In particular, For a Just Kazakhstan, the leading opposition group, had seen it coming. But Zharmakhan Tuyakbai, the movement's presidential challenger, still expressed frustration at having so little time left before 4 December:
“There are only four months remaining before elections, and until now people haven’t even known the exact day of the election," Tuyakbai said. "That’s just nonsense that probably has no precedent in the world.”
Actually, there is a precedent for December’s early election. Kazakhstan’s last presidential elections were also held early. Moreover, it was clear months ago that it could happen again. With Nazarbaev's current term due to end in January 2006, and elections scheduled for only the following December, early elections were a likely outcome.
The opposition's anticipation of an early vote has helped from an organizational point of view. But with little more than three months left to mount an official campaign, the opposition still faces some daunting challenges. Serikbai Alibaev, the head of the Astana office of For a Just Kazakhstan, said the late announcement of the election date is clearly favors Nazarbaev.
“The idea was not to give the opposition enough time and to get an element of surprise by announcing this decision [only on 18 August],” Alibaev said.
For a Just Kazakhstan is now Kazakhstan’s leading opposition group. It was officially registered, on its third try, on 3 August. The movement unites the Communist Party of Kazakhstan, the Pokolenie pensioners' movement, the recently created Alga party (formed from the banned Democratic Choice of Kazakhstan party) and the Naghyz Ak Zhol party, a splinter of the original Ak Zhol party.
Many of Kazakhstan’s opposition groups pledged late last year to support Tuyakbai, the former speaker of the Mazhilis, or lower house of parliament. In previous elections, the opposition has not been able to gather support for a single candidate, so this political union is critical for Tuyakbai’s hopes of success.
But not all of Kazakhstan’s opposition groups are behind Tuyakbai.
The Ak Zhol party split last April. Prior to last year’s parliamentary elections the party claimed some 147,000 supporters, but it appears most remained with the original party and did not transfer their allegiance to the Naghyz Ak Zhol party that is part of the For a Just Kazakhstan movement. Ak Zhol could run its own candidate.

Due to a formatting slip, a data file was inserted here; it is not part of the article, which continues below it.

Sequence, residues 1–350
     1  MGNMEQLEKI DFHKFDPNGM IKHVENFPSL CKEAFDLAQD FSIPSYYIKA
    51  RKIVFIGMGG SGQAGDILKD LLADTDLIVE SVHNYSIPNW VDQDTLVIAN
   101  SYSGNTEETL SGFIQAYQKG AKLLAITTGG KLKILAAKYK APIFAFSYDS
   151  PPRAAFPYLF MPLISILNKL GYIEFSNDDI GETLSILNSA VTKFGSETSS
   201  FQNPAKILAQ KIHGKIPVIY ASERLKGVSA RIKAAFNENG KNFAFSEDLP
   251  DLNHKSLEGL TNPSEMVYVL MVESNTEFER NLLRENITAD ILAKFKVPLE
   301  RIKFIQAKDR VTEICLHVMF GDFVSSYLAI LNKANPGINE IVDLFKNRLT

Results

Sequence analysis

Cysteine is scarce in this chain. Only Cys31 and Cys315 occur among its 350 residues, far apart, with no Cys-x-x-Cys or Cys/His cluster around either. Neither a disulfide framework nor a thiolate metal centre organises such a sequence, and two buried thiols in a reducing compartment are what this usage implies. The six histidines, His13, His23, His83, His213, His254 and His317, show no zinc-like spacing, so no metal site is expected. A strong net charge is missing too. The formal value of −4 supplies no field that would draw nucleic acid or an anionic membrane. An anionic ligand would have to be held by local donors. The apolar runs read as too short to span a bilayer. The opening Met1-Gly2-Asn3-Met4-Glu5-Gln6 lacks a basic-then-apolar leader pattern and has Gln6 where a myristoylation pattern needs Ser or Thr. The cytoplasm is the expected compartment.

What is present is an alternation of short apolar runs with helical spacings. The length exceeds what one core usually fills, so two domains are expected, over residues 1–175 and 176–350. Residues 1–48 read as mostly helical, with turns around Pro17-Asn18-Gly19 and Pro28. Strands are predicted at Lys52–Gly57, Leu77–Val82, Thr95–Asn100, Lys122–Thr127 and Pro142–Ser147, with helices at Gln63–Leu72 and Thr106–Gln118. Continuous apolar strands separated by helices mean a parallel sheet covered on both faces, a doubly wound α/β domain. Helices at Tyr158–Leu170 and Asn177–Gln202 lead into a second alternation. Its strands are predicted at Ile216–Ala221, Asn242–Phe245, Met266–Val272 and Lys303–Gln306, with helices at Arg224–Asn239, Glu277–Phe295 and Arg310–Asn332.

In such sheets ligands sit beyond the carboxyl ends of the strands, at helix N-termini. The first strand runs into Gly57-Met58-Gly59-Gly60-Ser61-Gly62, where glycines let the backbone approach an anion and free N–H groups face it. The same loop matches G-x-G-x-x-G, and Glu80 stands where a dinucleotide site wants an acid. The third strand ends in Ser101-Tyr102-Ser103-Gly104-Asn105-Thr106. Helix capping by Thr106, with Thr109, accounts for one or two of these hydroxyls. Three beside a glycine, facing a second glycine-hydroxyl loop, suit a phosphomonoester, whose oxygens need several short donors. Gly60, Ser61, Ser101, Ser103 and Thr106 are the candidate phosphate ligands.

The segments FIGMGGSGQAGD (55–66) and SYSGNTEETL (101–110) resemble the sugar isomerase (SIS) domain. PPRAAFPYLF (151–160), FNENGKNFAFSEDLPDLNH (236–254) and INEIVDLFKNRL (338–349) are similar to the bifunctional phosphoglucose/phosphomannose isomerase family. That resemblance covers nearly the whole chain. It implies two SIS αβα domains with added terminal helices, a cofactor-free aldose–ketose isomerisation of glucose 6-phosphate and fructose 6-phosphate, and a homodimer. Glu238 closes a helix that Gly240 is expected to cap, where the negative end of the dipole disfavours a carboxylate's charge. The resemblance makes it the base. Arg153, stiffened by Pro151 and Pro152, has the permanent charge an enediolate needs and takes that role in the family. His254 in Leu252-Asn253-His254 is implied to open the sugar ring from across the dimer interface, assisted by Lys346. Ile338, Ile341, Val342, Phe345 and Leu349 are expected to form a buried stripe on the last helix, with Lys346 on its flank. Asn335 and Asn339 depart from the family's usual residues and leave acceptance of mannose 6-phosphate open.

For A Just Kazakhstan does not have any supporters in parliament. The movement also cannot count on much help from the country’s media. Most of Kazakhstan’s newspapers, radio, and television stations are owned by the state or people close to President Nazarbaev. The few independent media outlets that do exist in Kazakhstan are subject to a number of problems -- from tax police to simple vandalism. These problems regularly strike pro-opposition media but rarely hit pro-government outlets. Such problems have been particularly acute in the days leading up to previous polls.
Legal problems equivalent to a misdemeanor charge barred the leading opposition candidate from running in the last presidential election. Already the prosecutor’s office has warned Tuyakbai about campaigning before an election date was named, a charge Tuyakbai has denied.
“As for the movement For a Just Kazakhstan, there has been no pre-election campaigning," Tuyakbai said. "No calls for people to vote for us took place. In the current situation, I think the most important thing is to hold free and fair elections without ignoring the wishes of the voters. If all this happens, then let the strongest candidate win.”
For Tuyakbai, and anyone else who may enter the race against Nazarbaev, there is the prospect of being attacked. Tuyakbai and his supporters claim he and the group were targeted in two attacks earlier this year.
The opposition also must contend with Kazakhstan’s relative prosperity. The standard of living in the country has become better, in part due to the huge revenues Kazakhstan is taking in from its oil industry. Something of a middle class is developing and it owes its change in fortunes to the current regime.
A last drawback for the opposition is that, as is true in many other former Soviet republics, the opposition leadership is made up mainly of former government officials. Tuyakbai himself is an old friend of Nazarbaev, and until last year’s parliamentary election was deputy chief of the Otan ruling party, which is dedicated to seeing Nazarbaev reelected. Some voters may see Tuyakbai’s candidacy as personal opportunism rather than the product of a desire to improve the life of the country’s citizens.
(Merhat Sharipzhan of the Kazakh Service contributed to this report.)
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